A new behavioral science study has concluded that attending concerts on a regular basis is good for people’s well being – and could extend gig-goers lives by up to nine years. The study, commissioned by U.K. cellphone network O2, claimed that 20 minutes at a concert is better for you that the same amount of time spent doing yoga or dog-walking.

Researchers calculated that a 20-minute taste of live music increased people’s sense of well being by 21 percent, compared with 10 percent for yoga and 7 percent for dog-walking. “Key markers across the happiness spectrum” also increased, with self-worth up 25 percent, closeness to others up by the same amount, and mental stimulation boosted by 75 percent.

University lecturer Patrick Fagan, who led the investigation, said: “Our research showcases the profound impact gigs have on feelings of health, happiness and well being – with fortnightly or regular attendance being the key. Combining all of our findings with O2’s research, we arrive at a prescription of a gig a fortnight which could pave the way for almost a decade more years of life.”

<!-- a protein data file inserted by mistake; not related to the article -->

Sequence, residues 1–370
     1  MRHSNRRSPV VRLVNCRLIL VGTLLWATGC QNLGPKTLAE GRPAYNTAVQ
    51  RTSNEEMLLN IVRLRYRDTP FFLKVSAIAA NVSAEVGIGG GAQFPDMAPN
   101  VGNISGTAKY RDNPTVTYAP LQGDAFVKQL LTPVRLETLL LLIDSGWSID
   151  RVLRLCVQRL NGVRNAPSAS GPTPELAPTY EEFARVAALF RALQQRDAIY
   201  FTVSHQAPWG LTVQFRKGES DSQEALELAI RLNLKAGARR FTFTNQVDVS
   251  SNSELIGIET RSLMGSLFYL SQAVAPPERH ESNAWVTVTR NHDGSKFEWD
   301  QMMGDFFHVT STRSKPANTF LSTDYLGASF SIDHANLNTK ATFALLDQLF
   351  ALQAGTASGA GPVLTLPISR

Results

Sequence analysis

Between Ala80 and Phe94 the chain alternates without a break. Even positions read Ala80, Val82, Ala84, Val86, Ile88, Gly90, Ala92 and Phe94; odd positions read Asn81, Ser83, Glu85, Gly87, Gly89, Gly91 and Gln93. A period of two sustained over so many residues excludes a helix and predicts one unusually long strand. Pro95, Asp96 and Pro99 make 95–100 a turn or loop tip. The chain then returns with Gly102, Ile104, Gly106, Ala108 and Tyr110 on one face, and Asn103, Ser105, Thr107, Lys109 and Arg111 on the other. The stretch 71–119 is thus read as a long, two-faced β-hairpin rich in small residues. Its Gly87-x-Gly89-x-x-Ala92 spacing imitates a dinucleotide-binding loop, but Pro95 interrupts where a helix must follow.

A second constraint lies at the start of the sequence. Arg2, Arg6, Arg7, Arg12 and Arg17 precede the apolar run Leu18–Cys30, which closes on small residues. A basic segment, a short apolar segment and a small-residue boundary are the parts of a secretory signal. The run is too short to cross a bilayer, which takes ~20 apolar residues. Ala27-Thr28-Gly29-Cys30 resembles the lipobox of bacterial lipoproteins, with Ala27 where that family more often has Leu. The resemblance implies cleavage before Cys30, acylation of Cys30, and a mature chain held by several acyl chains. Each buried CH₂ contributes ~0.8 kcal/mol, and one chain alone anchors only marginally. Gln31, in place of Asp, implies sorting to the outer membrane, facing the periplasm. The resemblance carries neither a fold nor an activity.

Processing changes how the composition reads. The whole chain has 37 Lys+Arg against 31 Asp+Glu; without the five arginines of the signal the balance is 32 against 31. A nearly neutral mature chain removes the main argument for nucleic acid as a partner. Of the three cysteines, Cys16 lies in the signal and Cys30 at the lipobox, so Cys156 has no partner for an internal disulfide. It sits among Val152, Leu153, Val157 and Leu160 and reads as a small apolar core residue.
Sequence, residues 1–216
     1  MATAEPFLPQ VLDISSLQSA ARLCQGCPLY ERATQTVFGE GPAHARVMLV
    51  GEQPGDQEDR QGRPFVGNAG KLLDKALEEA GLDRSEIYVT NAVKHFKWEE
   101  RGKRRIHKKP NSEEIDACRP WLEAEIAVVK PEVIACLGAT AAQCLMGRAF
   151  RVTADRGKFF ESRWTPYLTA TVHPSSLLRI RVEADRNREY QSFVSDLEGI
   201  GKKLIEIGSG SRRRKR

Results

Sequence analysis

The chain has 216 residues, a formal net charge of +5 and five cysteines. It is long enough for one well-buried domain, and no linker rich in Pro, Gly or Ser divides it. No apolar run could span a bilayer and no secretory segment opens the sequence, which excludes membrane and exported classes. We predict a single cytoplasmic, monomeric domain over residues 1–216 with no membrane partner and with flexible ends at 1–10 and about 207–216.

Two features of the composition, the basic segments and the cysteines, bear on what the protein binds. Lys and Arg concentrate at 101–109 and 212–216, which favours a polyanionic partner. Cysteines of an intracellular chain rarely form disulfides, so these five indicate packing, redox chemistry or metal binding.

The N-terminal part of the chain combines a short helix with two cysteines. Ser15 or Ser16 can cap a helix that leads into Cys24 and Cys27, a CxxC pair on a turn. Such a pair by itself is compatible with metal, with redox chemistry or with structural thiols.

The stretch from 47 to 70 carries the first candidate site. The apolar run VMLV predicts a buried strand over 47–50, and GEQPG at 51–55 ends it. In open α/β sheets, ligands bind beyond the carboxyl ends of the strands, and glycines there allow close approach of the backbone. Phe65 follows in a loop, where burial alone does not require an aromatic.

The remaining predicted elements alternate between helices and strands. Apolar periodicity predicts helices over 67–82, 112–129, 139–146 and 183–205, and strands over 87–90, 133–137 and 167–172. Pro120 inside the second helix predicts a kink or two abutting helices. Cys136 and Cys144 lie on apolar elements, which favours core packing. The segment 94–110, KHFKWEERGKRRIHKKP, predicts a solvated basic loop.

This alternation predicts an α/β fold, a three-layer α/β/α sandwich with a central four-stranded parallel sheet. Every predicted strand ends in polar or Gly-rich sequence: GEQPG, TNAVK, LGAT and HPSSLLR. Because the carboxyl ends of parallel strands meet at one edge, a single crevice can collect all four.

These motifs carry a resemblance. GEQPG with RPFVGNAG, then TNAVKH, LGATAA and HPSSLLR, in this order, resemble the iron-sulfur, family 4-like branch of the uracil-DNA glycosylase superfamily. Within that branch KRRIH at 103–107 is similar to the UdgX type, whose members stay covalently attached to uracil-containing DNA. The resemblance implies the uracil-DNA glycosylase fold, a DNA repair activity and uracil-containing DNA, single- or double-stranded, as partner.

O2 added: “Accompanying research showed a positive correlation between regularity of gig attendance and well being. Those who attend live concerts once a fortnight and more were the most likely to score their happiness, contentment, productivity and self-esteem at the highest level (10/10), suggesting that regularly experiencing live music is the key to building a long-standing improvement to well being.”

Simply listening to recorded music at home was no “quick-fix,” the report also said, claiming that “the shared experience, which performed so strongly in the research, is key to increasing well being.”

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